So why does the Robert Flaherty Film Seminar merit not one but two books, The Flaherty: Decades in the Cause of Independent Cinema (2017) AND Flash Flaherty: Tales from a Film Seminar (2021)?
Compared to major transnational entertainment complexes, the Flaherty Seminar is tiny, a skiff in an ocean of media tankers.
It’s an almost ephemeral and rather underground organization on the exhibition side of the international film and media ecology. It mounts a one-week seminar in the summer on a campus in upstate New York.
In recent years it’s done programming in New York City. It has a newsletter. There are fundraising campaigns.
So why TWO books on this organization? Are we masochists? Or sadists?
Despite its seemingly marginal status in the worlds of Indiewire and Variety, the 65-year-old Flaherty Seminar has galvanized enormous impact within the international media arts sector.
It’s a think-tank, a retreat, a pit stop, a gathering of the like-minded souls of independent cinema started in 1955 by Frances Flaherty, Robert’s widow. It brings people together who might never interact out there in the real world: students, éminence grises, emerging artists, distributors, programmers, curators, journalists, mid-career makers, librarians, scholars.
Since the 1970s, academic historians have worked to create histories from below, not official histories of nations, institutions, elected officials, but histories of those without power and without voice, such as women, the working class, ethnic minorities, the subaltern.
The new film studies emerged out of this tradition, with volumes published in the last three decades recovering marginalized film histories beyond the studios, focusing on documentary, experimental film, independent narrative, community media, women’s film, African American film, Latinx film, Indigenous film, Asian American film, amateur film, production studies, small cinemas . . .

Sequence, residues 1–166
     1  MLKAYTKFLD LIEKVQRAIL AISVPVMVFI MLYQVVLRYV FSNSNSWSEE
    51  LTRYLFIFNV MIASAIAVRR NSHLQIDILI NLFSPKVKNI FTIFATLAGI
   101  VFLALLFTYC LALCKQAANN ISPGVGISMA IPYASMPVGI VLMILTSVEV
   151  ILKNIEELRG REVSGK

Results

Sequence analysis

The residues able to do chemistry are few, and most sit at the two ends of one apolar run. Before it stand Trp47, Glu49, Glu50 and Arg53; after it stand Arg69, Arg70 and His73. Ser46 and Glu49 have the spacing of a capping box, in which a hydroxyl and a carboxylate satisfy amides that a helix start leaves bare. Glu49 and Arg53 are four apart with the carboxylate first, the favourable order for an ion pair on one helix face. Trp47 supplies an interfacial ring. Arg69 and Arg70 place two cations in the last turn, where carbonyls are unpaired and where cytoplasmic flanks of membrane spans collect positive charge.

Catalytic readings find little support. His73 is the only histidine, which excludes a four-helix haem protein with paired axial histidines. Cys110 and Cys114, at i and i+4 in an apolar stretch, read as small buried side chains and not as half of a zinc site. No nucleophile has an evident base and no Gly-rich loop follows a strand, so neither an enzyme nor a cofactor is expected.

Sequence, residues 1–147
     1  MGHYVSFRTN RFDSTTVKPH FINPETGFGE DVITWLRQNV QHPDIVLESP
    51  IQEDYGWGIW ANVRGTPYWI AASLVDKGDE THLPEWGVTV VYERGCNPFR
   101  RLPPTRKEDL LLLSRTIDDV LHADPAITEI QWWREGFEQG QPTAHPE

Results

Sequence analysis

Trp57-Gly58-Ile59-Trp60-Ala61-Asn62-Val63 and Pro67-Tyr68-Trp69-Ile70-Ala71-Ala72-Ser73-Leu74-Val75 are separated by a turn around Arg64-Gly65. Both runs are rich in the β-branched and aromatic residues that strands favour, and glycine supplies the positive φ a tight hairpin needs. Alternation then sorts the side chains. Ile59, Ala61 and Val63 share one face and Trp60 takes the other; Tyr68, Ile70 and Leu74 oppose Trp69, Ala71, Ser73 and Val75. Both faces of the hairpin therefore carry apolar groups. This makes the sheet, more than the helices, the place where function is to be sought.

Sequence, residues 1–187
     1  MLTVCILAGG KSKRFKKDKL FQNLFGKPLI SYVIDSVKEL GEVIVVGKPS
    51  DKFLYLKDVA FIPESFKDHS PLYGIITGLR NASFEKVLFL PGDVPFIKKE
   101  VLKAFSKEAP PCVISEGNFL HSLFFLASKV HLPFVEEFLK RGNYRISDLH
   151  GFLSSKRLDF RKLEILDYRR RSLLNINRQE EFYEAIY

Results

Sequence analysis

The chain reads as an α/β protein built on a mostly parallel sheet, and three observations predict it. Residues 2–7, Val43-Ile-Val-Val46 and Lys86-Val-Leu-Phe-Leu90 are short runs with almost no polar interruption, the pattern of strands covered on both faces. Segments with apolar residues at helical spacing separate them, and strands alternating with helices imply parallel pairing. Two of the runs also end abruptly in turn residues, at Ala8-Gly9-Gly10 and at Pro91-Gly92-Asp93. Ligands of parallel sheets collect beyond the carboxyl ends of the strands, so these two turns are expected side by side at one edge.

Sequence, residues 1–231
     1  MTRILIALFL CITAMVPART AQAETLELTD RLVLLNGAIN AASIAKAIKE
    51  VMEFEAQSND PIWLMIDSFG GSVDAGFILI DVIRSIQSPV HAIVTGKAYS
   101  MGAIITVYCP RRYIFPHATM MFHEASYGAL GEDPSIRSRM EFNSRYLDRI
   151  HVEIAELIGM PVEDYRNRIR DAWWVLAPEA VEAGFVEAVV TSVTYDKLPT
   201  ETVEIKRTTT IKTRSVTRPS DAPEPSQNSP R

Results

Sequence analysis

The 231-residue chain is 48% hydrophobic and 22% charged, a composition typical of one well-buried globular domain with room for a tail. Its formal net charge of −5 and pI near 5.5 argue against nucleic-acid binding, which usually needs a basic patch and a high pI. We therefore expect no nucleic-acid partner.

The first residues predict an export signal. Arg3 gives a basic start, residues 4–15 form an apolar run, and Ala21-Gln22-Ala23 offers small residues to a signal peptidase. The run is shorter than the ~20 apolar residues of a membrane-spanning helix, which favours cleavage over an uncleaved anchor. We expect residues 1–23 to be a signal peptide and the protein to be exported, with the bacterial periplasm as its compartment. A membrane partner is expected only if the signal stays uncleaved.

Our Flaherty books are part of this historical reparation project.
Independent nonprofit media arts organizations serve as incubators of new voices and new ways of making films, video, new media. They are understaffed, underfunded, underappreciated, unknown, under-represented, and under-analyzed. They are rarely mentioned in college-level film studies courses.
For us, there were no official histories to deconstruct. Only histories from below to recover.
The Flaherty: Decades in the Cause of Independent Cinema was our scholar’s history.
Flash Flaherty gives space to the diversity of people who have attended the seminar over many decades and to their stories.
Rather than interview “subjects,” we asked people to write their own pieces of creative nonfiction, and we worked with them and their stories to intertwine testimony, reflection, bitterness, analysis, gossip, revelations.
We have been inspired, on one hand, by the recent literary interest in “flash fiction” and on the other, by the powerful books of Belarussian journalist Svetlana Alexievich, who has fashioned a monumental history of post–World War Soviet and Russian life by listening to everyday people tell their stories about their experiences. Hers is granular rather than grand history.
Obviously, the experience of the seminar does not compare with the traumas and disruptions Alexievich reveals, but it does resonate with individual voices that produce a polyphonic history of a small organization with massive impact on international film and media culture.
It is just about the only place in the media world where heterogeneity of films across different modes plus different periods plus a multiplicity of attendees equals a combustion of ideas.
The Flaherty operates almost like a media speakeasy. You need to know someone to know about it and to know how to do it. Only 200 people can attend. It sells out fast.
Flash Flaherty collects 102 stories by 99 veterans of the seminar.
It creates a montage of how the seminar has entered participants’ psyches, practices, thinking, nightmares, souls.